The new swine flu outbreak has not only brought more work to my table (we are preparing an article about it for the NNii Web site), but has me interested in the way these cases are reported. A few years ago, with the bird flu scare, many mistakes were made in terms of risk communication, which created panic in some, and apathy in others. The response to this new issue, of course, is varied. Not all the media react alike. But a recent article in the NYT, summarizes well our task as medical writers, informing without alarming:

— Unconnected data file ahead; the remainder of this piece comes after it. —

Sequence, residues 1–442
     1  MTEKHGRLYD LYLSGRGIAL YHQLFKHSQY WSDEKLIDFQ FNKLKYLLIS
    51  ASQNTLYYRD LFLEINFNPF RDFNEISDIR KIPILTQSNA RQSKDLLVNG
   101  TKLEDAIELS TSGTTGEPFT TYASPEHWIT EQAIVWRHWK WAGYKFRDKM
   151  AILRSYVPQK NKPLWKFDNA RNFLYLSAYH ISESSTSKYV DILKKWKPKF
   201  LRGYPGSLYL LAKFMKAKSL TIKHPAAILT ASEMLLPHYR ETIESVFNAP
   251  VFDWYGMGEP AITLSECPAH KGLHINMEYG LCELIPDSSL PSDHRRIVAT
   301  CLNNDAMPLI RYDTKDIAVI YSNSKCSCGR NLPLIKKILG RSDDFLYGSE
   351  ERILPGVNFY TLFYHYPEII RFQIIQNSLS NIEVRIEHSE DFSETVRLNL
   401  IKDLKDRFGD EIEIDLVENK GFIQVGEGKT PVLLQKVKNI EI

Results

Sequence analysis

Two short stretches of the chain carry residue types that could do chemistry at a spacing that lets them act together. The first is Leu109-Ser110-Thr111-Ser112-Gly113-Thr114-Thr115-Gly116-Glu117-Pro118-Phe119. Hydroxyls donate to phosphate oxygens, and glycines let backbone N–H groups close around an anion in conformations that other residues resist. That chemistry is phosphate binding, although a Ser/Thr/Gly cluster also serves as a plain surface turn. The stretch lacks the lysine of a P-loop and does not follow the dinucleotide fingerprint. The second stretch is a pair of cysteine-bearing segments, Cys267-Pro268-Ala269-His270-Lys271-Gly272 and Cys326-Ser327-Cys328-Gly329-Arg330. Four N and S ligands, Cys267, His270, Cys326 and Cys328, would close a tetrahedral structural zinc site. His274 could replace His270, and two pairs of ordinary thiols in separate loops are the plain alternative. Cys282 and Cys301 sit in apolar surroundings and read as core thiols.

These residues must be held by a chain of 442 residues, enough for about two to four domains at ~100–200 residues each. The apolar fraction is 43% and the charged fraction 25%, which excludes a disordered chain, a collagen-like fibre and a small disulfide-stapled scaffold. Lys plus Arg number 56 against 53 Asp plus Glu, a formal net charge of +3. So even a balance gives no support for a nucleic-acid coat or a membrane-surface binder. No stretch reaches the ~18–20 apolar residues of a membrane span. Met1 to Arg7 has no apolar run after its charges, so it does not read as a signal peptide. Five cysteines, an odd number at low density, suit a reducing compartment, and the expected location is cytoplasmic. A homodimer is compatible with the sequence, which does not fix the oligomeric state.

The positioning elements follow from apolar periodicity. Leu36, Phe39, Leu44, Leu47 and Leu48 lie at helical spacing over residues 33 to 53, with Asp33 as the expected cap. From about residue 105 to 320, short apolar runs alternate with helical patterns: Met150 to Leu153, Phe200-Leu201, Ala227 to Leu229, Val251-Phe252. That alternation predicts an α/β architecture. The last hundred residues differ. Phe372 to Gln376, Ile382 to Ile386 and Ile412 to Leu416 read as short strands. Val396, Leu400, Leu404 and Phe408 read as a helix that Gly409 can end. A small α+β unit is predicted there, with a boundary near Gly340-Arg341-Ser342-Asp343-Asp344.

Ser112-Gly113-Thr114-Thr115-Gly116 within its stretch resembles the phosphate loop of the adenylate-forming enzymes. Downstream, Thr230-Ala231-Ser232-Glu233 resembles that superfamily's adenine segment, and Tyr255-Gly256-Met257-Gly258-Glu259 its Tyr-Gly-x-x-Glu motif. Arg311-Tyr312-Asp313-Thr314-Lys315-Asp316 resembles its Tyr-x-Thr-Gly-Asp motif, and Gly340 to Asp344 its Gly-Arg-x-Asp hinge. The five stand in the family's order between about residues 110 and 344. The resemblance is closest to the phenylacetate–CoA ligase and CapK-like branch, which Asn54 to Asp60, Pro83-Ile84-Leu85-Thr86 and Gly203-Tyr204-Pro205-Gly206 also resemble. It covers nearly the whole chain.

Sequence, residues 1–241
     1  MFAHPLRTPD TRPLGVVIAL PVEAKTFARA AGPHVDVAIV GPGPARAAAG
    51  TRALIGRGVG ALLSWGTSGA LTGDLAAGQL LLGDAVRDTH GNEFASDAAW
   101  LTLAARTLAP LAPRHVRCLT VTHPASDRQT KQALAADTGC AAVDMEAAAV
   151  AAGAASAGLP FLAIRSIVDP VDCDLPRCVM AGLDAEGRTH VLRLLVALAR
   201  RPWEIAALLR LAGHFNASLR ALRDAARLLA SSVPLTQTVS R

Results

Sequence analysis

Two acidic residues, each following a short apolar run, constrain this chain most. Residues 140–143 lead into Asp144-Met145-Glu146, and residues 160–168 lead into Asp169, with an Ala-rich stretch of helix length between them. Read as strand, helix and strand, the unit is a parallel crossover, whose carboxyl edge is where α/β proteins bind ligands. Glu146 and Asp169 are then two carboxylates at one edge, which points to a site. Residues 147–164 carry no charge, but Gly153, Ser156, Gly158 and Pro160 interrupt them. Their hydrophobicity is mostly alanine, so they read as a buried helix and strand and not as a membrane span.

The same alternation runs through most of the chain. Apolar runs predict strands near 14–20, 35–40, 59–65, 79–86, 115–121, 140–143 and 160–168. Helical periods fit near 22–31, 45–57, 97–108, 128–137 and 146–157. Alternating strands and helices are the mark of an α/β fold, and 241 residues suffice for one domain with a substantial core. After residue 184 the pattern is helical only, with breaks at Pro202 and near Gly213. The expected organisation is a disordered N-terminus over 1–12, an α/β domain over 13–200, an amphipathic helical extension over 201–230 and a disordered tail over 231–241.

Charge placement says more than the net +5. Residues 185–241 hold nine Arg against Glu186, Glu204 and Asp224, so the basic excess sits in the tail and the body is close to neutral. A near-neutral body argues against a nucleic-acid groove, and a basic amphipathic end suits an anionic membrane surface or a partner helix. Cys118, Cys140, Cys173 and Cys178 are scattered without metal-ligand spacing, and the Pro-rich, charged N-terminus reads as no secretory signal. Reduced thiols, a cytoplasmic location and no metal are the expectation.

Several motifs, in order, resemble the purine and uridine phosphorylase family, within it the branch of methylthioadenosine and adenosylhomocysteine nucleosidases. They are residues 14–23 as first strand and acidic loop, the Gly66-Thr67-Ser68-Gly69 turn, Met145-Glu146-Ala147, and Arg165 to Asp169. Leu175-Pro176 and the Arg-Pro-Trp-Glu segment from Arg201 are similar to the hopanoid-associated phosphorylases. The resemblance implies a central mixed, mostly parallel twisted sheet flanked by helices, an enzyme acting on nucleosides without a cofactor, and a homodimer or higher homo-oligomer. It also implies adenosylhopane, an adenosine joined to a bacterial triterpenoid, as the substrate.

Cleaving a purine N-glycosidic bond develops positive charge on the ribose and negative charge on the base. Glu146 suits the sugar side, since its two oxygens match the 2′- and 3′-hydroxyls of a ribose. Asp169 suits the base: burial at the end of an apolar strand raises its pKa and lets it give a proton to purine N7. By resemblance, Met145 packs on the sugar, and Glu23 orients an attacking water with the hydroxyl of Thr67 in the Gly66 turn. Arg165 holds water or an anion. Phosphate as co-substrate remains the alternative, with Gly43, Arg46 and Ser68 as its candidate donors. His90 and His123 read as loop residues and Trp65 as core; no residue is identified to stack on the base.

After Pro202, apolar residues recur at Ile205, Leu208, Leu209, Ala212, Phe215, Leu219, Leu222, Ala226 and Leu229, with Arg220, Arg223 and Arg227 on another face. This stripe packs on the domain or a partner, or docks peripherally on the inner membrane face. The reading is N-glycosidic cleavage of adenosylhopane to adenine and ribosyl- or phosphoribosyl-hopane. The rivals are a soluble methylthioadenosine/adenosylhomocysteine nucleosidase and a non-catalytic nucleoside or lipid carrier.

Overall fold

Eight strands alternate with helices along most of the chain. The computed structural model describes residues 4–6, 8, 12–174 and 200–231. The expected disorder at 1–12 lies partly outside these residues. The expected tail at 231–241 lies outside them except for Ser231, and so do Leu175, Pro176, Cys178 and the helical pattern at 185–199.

The W.H.O. and public-health agencies like the Centers for Disease Control and Prevention find themselves in a delicate balance, obliged to provide information about potentially lethal diseases without causing panic.
Although health officials have held exercises to prepare for pandemics and outbreaks caused by bioterrorism, they have yet to master the necessary communications skills. They are in a “damned if they do, damned if they don’t” situation.
Check out my AMWA presentation on risk communication for some principles that you may apply if confronted with this situation. Also, read What to Say When a Pandemic Looks Imminent by risk communication experts Peter M. Sandman and Jody Lanard.
If you want to keep up with the swine flu outbreak, don't go to our local newspaper. Instead, look at a good source such as this one.